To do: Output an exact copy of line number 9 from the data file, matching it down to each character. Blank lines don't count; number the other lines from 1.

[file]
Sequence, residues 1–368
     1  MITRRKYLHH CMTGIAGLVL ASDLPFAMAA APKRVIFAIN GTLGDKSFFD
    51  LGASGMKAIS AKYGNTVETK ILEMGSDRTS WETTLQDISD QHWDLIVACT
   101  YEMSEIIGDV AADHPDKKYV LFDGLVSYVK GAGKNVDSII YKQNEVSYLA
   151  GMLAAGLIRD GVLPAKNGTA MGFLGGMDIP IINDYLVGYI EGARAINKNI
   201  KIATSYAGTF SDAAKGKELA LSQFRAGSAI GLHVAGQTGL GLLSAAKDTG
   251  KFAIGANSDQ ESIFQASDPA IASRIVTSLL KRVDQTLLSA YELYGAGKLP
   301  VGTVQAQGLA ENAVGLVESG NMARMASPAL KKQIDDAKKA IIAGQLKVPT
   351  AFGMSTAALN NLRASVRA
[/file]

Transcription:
   351  AFGMSTAALN NLRASVRA